TWO football clubs from opposite sides of a West Belfast interface are to host a joint tournament and funday this weekend.
Youth and senior teams from St James' Swifts FC and Sandy Row FC will meet in a number of friendly ties at Coláiste Feirste on Saturday.
The clubs are based at either side of the interface area – synonymous with the famous "Balls on Falls" sculpture – which has been a flashpoint for sectarian violence in years gone by.
The Swifts and Sandy Row FC made headlines during sectarian unrest earlier this year after issuing a joint appeal for young people to stay away from riots. However, their relationship began when they met at a tournament some years earlier.
St James Coach, Dan Murphy, explained: "We got each other in Junior Shield a few years ago, and I was actually playing then, and I can remember in the build up to it a lot of people from our community saying there was going to be trouble. When we met up for the game you couldn't have met a nicer bunch of people, and we got on brilliantly.
"It was a fantastic game up at Strangford. It went to penalties and I think we beat them, but we all got on really well. From then the two kids' teams have been over for friendlies in the Development League, and it has just grown from then."
⚫️🟡FUNDAY WITH Sandy Row Football Club🔵🔴— St. James Swifts (@stjamesswifts) June 18, 2021
Just a little over 24 hours until we have Coláiste Feirste filled with people having a good time, playing the sport they love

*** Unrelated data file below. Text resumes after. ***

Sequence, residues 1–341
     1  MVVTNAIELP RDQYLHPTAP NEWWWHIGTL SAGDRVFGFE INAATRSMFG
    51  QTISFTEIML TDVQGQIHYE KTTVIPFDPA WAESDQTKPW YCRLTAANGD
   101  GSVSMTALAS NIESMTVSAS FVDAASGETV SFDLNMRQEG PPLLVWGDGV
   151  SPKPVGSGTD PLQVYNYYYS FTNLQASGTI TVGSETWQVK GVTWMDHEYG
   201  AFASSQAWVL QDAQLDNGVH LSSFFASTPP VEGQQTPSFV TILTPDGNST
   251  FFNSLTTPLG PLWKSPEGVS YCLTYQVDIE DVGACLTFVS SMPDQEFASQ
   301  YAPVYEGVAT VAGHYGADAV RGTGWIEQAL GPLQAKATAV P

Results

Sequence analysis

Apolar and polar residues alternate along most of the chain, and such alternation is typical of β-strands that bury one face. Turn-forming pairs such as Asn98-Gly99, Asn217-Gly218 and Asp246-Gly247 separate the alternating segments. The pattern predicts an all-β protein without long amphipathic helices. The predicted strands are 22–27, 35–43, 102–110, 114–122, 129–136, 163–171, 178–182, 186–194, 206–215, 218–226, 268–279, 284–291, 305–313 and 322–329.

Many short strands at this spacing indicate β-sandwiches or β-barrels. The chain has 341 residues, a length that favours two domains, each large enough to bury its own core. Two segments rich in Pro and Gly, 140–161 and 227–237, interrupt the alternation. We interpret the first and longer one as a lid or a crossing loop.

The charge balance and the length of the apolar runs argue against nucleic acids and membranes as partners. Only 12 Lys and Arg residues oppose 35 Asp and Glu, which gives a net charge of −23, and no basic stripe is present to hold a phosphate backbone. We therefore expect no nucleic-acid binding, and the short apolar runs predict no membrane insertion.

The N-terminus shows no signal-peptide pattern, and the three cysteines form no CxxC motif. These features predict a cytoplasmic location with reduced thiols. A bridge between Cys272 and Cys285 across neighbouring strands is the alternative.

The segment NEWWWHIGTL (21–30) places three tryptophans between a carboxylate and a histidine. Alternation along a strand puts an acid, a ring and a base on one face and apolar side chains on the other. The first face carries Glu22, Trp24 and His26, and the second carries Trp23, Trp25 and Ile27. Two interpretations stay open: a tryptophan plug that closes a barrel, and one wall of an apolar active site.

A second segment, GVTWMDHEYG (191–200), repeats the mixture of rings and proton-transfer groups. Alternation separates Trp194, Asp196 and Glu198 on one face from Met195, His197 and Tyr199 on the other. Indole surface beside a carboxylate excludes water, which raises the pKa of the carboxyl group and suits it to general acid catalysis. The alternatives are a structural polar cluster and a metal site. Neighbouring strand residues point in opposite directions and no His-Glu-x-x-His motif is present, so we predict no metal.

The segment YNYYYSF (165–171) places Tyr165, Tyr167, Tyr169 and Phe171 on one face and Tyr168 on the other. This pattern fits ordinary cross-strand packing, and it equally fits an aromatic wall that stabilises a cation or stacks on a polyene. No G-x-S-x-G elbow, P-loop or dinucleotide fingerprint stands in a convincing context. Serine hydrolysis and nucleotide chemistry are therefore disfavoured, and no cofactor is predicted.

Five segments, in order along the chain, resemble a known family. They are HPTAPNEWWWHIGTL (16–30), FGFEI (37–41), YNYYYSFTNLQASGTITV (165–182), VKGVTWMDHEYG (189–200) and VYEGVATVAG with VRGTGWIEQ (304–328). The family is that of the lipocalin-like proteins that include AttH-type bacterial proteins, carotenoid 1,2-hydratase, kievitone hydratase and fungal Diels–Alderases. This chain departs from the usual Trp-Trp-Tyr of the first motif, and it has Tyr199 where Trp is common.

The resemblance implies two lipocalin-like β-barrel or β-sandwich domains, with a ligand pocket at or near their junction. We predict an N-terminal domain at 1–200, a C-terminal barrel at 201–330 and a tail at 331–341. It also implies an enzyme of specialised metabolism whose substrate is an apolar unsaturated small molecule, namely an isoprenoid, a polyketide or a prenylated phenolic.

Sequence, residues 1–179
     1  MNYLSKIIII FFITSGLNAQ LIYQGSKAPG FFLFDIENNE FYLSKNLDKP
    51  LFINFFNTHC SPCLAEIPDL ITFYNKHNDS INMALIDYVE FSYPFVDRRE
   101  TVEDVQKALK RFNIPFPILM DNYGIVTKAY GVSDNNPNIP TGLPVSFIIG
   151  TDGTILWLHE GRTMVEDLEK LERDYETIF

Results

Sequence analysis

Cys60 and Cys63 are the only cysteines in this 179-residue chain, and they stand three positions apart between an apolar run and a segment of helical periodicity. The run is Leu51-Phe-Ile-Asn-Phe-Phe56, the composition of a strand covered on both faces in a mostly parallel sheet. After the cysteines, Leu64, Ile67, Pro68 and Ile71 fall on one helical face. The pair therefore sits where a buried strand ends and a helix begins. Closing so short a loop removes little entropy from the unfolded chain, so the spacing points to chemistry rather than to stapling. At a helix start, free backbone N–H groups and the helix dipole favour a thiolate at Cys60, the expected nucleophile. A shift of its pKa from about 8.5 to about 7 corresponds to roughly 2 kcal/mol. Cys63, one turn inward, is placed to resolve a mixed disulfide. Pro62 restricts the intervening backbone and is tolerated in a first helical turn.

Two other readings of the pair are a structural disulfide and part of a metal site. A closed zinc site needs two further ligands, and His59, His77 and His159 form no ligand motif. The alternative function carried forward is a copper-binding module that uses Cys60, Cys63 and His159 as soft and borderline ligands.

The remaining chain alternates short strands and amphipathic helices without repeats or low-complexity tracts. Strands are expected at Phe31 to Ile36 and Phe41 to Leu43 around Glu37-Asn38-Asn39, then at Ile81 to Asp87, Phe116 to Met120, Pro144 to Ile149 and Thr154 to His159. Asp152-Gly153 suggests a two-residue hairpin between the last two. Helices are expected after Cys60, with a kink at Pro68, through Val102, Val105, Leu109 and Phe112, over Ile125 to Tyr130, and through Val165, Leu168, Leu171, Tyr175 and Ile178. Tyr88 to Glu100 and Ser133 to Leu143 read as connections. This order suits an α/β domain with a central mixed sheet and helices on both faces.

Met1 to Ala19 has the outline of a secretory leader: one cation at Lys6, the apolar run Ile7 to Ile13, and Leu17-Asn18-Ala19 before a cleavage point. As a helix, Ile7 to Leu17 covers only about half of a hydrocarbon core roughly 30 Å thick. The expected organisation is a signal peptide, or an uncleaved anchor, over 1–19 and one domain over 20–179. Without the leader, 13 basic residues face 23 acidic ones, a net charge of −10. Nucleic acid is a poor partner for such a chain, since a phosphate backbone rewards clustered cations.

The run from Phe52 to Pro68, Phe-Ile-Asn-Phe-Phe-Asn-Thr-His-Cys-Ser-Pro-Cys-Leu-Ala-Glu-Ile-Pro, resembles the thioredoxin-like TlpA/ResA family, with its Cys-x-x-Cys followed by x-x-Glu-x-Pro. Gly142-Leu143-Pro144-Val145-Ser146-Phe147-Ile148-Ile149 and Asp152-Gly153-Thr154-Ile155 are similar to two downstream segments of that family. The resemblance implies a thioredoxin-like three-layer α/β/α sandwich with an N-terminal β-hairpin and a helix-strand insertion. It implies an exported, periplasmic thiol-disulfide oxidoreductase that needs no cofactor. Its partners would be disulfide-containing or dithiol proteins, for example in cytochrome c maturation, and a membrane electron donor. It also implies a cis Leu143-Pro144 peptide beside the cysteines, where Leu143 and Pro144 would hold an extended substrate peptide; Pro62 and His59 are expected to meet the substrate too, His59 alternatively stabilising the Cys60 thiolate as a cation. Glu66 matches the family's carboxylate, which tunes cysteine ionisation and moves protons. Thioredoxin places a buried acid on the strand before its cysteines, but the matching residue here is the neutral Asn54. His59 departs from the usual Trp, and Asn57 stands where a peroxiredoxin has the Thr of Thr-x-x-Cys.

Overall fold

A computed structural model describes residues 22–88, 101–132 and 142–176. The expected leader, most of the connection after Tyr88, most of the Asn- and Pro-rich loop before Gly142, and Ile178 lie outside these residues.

We would again like to thank the people and Businesses who without them the day wouldn’t have been possible: pic.twitter.com/Y52xEKGqtP
Sandy Row FC Coach James McCann described the relationship between the clubs as "brilliant".
"For kids to be playing football together it shows the adults that they need to grow up," he said.
"If kids can intermingle and get on together, why can't adults do the same? That's what our clubs want to do.
"We work with a lot of clubs from West Belfast including St James' and we have great relationships, but it's very significant for the two communities to come together."
Swifts Coach Gavin Kelly said the teams wanted to show kids an "alternative" to sectarianism.
"By coming across what we refer to as the dividing line here you're showing that kids on the left and kids on the right are no different, so it's just about breaking down those barriers.
"If you can get them at an early age they can see that there's no difference between anybody here."
As well as a host of friendly matches, the funday at Coláiste Feirste will feature a bouncy castle, face painting, music, refreshments and more.
While the funday is all about bonding, the competitive nature of the teams will ensure fierce competition on the day.
"It'll be all smiles and handshakes until the whistle blows," Gavin laughed.
"The guys are naturally competitive, and we'll be coming across them in cup competitions, in league games, so there'll be a bit of banter."